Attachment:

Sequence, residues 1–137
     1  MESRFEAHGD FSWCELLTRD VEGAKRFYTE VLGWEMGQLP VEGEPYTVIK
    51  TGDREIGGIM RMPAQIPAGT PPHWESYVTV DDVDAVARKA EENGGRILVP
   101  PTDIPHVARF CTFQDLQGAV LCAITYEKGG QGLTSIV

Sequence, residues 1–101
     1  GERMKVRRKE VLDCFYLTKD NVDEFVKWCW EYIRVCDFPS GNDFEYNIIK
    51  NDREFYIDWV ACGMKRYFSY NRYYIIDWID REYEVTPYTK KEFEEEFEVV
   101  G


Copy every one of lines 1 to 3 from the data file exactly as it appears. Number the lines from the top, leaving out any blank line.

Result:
Sequence, residues 1–137
     1  MESRFEAHGD FSWCELLTRD VEGAKRFYTE VLGWEMGQLP VEGEPYTVIK
    51  TGDREIGGIM RMPAQIPAGT PPHWESYVTV DDVDAVARKA EENGGRILVP